Parkinson’s Drug Fails Clinical Trial

A new Parkinson’s drug failed to meet expectation in a recent clinical trial despite showing initial promise. The failure dashed hopes among those seeking improved treatment for the disease.

Parkinson’s is a degenerative disorder of the central nervous system. Early symptoms can affect motor skills, often manifesting as rigidity, tremors, and slowness of movement. Behavioral and cognitive difficulties can affect sufferers as the disease progresses.

Phytopharm, a biotech company based in Britain, held high hopes for its Parkinson’s drug Cogane. Intended to treat the early stages of the disease, the drug performed well during first phase clinical studies.

Reuters reports that, with the creation of Cogane, Phytopharm was striving to pioneer a new class of therapy treatment for disorders such as “neurodegenerative diseases, motor neuron disease, and glaucoma.” However, Cogane failed as a viable treatment during its second phase study.

According to The Guardian, over 400 patients in the early stages of Parkinson’s participated in the trial and received either placebo or Cogane. Results indicated that the Cogane group experienced no significant statistical improvement over those who were given the placebo.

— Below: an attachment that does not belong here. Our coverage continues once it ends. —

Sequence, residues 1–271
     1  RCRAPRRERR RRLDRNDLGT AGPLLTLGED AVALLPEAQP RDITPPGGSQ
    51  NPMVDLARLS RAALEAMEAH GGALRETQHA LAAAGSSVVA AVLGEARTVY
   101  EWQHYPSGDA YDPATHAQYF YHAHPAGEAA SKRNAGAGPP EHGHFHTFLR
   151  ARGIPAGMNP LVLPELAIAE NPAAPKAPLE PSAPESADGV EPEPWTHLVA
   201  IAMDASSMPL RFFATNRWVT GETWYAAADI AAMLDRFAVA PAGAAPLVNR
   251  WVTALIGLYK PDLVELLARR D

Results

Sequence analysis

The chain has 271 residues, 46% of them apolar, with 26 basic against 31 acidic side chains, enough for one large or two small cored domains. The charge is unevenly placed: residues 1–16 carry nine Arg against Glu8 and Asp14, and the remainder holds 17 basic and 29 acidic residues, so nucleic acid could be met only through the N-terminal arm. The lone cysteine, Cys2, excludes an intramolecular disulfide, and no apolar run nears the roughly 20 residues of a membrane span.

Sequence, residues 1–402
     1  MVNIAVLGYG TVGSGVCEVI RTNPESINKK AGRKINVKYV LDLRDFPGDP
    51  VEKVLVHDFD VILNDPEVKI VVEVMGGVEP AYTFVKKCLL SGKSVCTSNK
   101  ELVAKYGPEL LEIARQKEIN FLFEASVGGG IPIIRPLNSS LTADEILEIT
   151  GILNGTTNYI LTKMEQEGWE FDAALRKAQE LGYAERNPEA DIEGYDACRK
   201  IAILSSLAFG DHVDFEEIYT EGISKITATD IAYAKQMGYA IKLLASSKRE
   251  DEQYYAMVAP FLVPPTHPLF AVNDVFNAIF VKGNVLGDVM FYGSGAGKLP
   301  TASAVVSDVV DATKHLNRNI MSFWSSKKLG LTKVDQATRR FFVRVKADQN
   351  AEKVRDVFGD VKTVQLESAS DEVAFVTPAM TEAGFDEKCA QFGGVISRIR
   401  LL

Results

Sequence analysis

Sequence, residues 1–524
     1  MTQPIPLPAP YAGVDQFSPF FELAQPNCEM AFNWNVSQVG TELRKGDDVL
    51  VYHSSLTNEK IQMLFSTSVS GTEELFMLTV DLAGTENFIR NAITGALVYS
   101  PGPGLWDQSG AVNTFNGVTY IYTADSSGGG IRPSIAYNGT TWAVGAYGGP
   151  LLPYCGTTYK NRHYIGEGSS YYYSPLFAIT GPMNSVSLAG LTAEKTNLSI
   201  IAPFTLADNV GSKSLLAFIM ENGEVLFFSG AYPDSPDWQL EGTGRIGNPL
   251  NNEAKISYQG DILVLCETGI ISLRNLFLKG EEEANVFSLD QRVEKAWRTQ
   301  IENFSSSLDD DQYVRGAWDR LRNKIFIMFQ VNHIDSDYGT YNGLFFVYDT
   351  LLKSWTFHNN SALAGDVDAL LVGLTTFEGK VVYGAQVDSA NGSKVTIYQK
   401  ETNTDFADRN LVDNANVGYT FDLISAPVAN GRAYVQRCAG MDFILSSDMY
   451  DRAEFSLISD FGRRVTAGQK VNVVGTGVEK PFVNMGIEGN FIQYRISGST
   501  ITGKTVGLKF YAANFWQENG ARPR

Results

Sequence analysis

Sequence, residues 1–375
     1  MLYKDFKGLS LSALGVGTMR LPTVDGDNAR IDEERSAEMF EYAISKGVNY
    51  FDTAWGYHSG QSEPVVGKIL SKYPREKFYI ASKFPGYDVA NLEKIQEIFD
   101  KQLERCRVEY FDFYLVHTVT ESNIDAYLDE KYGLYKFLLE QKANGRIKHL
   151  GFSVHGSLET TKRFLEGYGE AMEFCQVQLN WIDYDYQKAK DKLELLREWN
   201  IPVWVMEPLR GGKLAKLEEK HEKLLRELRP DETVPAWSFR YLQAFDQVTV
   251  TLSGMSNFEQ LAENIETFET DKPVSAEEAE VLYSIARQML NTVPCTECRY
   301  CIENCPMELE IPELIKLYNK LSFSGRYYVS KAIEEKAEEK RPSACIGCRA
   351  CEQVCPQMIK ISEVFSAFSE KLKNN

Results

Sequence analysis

Warren Olanow, Professor of Neurology and Neuroscience at Mount Sinai Medical School and co-chief Investigator for the study, remarked on the results:

“This is disappointing news for the Parkinson disease community. The company is to be congratulated for carrying out this important study in such a high quality manner. Sadly, the results are negative. Nonetheless, the search for more effective therapies for the millions of patients who suffer from Parkinson’s disease must continue.”